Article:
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Uploaded on Oct 5, 2011

TORONTO 26 Sept 2011 — He's won two Tony Awards, two Emmys and been nominated for an Oscar — among many other accolades — but legendary Canadian actor Christopher Plummer says being honoured by the Stratford Shakespeare Festival is special because of its origins.

"This is sweet and delightful because I always consider Stratford a sort of second home," Plummer, 81, said before receiving the festival's newly created lifetime achievement award at a gala celebration at the Four Seasons Hotel Monday.

"I've been (performing there) since 1956 and it's like a prize saying, 'Hello, why don't you come home?' It's a very sweet prize."

Several luminaries attended Monday's splashy soiree in honour of Plummer, who has homes in Palm Beach, Fla., and Connecticut.

Among them were actors Cynthia Dale, Brian Dennehy and Gordon Pinsent, who was slated to give Plummer his award at the swank event, which included performances by Stratford festival stars. Proceeds from the gala, for which individual tickets were priced at $1,000 each, will support several of the festival's key initiatives.

"He's masterful, he really is," said Pinsent, 81, a fellow Stratford festival alum who first met Plummer in 1962 and with whom he did a speaking engagement at the Empire Club of Canada earlier this year.

"He certainly doesn't believe in anything called 'retirement,' neither do I and neither do a good many of us. The man is extraordinary. He's got so many sides to him. He's quite remarkable, and when you share a stage with him it's magic."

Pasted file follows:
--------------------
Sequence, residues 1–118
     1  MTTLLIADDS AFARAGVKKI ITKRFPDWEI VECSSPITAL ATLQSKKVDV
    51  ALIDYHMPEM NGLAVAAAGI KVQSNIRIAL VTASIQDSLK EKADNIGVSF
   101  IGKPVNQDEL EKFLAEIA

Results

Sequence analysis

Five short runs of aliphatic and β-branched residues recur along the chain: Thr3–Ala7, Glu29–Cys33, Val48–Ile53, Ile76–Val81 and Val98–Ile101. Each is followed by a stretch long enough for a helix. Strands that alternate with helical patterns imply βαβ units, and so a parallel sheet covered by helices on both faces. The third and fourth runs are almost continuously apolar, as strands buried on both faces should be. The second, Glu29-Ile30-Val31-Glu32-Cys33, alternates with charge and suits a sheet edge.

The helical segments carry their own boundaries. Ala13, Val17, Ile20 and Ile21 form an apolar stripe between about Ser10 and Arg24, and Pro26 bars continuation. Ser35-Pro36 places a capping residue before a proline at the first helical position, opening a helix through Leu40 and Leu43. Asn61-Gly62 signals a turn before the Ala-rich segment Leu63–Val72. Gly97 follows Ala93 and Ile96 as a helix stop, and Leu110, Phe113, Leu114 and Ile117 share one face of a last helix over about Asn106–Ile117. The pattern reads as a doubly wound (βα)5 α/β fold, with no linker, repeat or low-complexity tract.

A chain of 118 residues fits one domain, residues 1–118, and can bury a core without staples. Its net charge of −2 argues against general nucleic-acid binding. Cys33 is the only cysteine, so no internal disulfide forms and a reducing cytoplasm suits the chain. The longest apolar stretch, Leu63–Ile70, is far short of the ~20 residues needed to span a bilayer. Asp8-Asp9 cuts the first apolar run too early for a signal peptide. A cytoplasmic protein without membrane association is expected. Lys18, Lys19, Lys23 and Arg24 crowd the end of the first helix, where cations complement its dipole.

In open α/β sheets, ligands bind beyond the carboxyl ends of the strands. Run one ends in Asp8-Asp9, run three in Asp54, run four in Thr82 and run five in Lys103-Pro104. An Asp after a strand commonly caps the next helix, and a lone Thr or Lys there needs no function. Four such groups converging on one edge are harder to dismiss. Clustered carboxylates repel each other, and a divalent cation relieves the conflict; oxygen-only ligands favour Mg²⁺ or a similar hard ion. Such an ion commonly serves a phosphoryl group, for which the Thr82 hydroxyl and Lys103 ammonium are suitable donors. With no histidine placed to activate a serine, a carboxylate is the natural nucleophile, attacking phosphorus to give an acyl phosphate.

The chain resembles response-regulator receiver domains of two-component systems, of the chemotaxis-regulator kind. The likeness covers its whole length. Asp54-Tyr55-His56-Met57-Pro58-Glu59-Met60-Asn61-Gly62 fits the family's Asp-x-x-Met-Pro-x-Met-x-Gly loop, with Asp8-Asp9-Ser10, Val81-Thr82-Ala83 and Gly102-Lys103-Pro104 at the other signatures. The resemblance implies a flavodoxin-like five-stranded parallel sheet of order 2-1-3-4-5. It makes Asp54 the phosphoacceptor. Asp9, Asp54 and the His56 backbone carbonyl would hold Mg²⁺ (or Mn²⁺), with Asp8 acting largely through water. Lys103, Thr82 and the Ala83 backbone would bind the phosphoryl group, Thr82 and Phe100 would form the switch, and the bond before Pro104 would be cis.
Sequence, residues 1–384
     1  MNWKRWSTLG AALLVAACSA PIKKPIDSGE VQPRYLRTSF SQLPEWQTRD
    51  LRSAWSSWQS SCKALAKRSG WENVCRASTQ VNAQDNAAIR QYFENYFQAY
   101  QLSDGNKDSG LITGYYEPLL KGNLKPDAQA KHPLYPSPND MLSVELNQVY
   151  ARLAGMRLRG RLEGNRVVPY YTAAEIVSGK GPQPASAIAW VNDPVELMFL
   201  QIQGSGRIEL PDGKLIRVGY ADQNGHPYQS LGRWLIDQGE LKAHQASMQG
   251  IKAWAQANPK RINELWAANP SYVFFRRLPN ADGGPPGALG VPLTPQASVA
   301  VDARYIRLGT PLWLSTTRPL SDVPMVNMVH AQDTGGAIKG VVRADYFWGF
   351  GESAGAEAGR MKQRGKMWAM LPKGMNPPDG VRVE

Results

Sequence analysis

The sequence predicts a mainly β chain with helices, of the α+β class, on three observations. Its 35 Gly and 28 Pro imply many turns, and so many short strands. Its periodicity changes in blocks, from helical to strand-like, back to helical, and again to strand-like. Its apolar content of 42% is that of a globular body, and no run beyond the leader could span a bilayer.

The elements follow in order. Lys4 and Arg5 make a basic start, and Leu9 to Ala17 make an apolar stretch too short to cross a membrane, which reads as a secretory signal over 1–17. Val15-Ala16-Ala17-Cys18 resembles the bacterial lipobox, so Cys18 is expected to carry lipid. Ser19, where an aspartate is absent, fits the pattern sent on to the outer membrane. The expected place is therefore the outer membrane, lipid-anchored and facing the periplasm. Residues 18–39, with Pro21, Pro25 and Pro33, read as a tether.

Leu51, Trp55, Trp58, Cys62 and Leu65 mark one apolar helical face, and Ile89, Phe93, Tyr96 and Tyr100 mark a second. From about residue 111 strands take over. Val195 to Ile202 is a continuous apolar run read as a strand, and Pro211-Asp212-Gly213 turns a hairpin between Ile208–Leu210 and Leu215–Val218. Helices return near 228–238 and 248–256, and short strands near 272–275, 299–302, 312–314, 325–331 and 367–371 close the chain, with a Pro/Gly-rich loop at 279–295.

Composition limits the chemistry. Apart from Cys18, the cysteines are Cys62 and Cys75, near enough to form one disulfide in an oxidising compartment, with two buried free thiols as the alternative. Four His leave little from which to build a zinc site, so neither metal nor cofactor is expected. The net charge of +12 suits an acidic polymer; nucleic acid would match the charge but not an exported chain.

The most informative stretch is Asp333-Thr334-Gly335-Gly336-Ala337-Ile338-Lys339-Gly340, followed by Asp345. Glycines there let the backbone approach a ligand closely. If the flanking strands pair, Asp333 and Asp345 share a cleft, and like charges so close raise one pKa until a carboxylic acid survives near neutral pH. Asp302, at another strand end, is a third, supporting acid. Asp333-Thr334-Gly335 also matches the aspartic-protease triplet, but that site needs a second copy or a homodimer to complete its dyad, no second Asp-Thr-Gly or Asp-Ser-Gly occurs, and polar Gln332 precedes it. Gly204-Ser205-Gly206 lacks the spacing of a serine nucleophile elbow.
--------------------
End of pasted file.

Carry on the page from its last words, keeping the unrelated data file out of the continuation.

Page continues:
Des McAnuff, the Tony-winning artistic director of the festival in southwestern Ontario, said it was a "no-brainer" to give the inaugural lifetime achievement award to Plummer.

"He is without question a national treasure and I think he's quintessentially a Stratford Shakespeare Festival product," said McAnuff, who's directed Plummer several times at the festival.

"His work in England and London and on the screen and around the world, it all really started, it blossomed under Michael Langham's direction (at the festival) in the 1950s. It all started there."

Born in Toronto and raised in Montreal, Plummer — whose great-grandfather was prime minister John Abbott — has appeared in dozens of films and starred on stages from Broadway to Stratford and London.

He made his debut at the Stratford festival in a 1956 production of Henry V.

Plummer has performed at the Stratford festival several times since, including his 1996 starring turn in Barrymore, for which he later earned a Tony Award when it moved to Broadway. His recent Stratford festival credits include his 2008 tour-de-force role in Caesar and Cleopatra and his critically heralded 2010 turn in The Tempest.

Next year, Plummer is scheduled to present his one-man show A Word or Two at the festival.

Of course, Plummer has also had a distinguished film career. One of his best-known big-screen roles is Capt. Georg von Trapp in the 1965 musical The Sound of Music.

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